[Photo: Kuow Photo/Megan Farmer]
What does authenticity in cuisine mean to you? It’s a loaded question, we know. Artistically, the argument gets stunted on originality (i.e. who did it first?). Culturally, perhaps it’s the recipes and techniques that stay true to their historical and regional context. Some argue that authenticity is inherently tied to the heritage of the chef. Staking claim in cuisine is generally problematic. Who owns what cuisine and which variations?
Growing up in a Jewish community, I can tell you this: no one could agree on whether or not kugel should have raisins, or how best to cook a brisket. It was my mother, a Methodist convert from Alabama, who was called on to bake the challahs for the Jewish Food Festival every year.
We can’t tell you the answers. Food is subjective. Food is personal. Food knows no boundaries. We decided to dig deeper into America’s diverse melting pot of cuisine. How are chefs all across the country contributing to its evolution?
Here are just a few of the chefs paying homage to the past, while also writing their own stories through a unique culinary lens. These chefs are changing America’s perception of what a particular kind of cuisine can be. They’re breaking down barriers, and we think the results are pretty delicious. We hope you do, too.
Key players: South Korean-born Junghyun “JP” and JeongEun “Ellia” Park met at Kyung Hee University. They bonded over a shared interest in food, traveled the world, then settled in New York City in 2012. This husband-and-wife team runs the Michelin-starred Atomix—one of the few Korean fine-dining establishments in the US.
The concept: Atomix is the ultimate labor of love, one that embraces Korean culture in every aspect, beginning with the Korean architecture firm that designed the space. There’s Korean-designed ceramics, aprons commissioned from a Korean designer, and Ellia’s personal collection of chopsticks from which you can (typically) select your own pair.
Why it matters: The Parks are shifting the Korean dining paradigm. While they honor tradition and heritage, they make room for interpretation. Atomix proves that Korean food is so much more than grilled meats and rice. We’re seeing this kind of cuisine in a whole new light, with modern techniques, beautiful presentations, and a flawlessly-executed tasting menu format.
Book: Until Atomix can reopen their doors, order Atomix at Home—a luxurious 4-course tasting menu that changes weekly. It’s available for pickup and delivery.
Key players: Thip Khao is co-owned by chef Seng Luangrath and her son, Bobby Pradachith. Chef Seng fled Laos during the Vietnam War and learned to cook at a refugee camp in Nakhon Phanom, Thailand. Pradachith, who was born in Northern Virginia, first started learning about food as a way to connect with his heritage.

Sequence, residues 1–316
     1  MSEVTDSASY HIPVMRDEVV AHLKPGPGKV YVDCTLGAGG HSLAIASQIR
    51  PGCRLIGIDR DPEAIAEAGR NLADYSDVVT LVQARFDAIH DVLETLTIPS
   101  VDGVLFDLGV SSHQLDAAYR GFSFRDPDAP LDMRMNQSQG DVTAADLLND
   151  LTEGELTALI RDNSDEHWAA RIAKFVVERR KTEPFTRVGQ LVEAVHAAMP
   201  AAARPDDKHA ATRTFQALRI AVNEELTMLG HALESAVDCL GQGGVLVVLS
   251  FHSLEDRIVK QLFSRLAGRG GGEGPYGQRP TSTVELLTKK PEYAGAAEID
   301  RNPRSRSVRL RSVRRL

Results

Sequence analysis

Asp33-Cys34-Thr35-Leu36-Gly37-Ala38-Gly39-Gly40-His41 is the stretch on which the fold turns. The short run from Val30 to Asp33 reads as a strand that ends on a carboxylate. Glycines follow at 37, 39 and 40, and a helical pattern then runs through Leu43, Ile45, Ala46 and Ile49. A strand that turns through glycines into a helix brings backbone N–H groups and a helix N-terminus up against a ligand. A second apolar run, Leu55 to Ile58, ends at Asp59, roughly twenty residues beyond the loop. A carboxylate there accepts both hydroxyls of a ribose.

The concept: Chef Seng and Bobby are serving up traditional Lao dishes with all of the funk, spice, and herbaceousness that its known for. Their homestyle cooking represents different regions in Laos. Some dishes are derived from cultural colonization while others are rustic, yet traditional farm-style plates.
Why it matters: Thip Khao is the first full-service Lao restaurant in Washington, DC, and it’s one of the few throughout the country. Chefs Seng and Bobby aim to preserve their culture by leaning into historical contents, recipes, and art, thereby encouraging the Lao-American communities to follow the journey of Lao storytelling.
Book: Reservations for the patio, where you can enjoy vibrant Lao dishes paired with tiki-style cocktails.
Key players: Chef Min Thapa and the restaurant’s co-owners, Dr. Shalin Shakya and Rabin Gora, are all Nepalese-American immigrants passionate about sharing their culture with Chicago.
The Concept: It’s modern Nepalese-Indian food in Chicago’s West Town neighborhood. The team stays true to their roots, while at the same time, introducing modern iterations of the dishes typically associated with Indian food. The menu is seasonal, and it includes both classics and chef’s plates, where you’ll find standouts, like Tandoori Venison and Lobster Malabar Curry.
Why it matters: Vajra is challenging the status quo and shattering what Chicagoans think of Nepalese/Indian food. In fact, Vajra remains somewhat of an anomaly as far as chef-driven Indian cuisine goes. You won’t find white tablecloths or a lunch buffet, but rather a contemporary atmosphere, beautiful plating, and head-turning cocktails that utilize chilis, real fruit, and floral aromatics.
Book: The Dinner Date at Home package, complete with small plates, classics, accompaniments, and your choice of a Vajra cocktail.